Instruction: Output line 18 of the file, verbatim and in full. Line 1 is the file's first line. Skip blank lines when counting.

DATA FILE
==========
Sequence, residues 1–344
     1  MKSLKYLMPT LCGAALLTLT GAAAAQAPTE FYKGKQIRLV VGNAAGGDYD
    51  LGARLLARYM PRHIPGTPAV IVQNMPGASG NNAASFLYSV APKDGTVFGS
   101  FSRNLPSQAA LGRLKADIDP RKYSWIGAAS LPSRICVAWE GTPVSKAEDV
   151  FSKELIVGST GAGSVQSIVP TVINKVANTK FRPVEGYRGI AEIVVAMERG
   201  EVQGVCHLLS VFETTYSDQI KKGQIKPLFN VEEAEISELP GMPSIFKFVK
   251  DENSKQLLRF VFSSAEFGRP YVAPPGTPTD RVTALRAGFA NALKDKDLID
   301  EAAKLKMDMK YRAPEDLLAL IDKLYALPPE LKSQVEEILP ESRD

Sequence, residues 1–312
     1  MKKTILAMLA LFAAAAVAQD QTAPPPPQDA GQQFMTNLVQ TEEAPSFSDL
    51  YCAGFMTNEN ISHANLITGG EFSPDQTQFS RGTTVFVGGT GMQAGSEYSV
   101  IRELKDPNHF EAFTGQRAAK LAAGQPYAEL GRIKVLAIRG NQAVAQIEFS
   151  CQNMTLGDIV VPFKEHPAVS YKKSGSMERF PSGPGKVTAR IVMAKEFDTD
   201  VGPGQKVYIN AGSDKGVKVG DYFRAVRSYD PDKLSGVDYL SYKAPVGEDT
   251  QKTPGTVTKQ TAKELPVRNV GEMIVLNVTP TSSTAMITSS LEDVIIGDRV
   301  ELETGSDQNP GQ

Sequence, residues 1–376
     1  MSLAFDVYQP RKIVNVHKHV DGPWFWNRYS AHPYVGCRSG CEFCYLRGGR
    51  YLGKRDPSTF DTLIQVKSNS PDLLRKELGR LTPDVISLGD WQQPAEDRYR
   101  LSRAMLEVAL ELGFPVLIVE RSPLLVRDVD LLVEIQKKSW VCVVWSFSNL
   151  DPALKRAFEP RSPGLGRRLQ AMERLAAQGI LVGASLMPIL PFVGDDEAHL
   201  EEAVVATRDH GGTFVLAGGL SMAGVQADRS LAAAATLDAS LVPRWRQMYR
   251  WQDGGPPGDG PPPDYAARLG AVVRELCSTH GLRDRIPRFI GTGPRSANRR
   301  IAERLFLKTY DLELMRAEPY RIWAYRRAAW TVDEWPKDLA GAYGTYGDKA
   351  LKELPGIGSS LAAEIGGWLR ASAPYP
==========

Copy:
     1  MSLAFDVYQP RKIVNVHKHV DGPWFWNRYS AHPYVGCRSG CEFCYLRGGR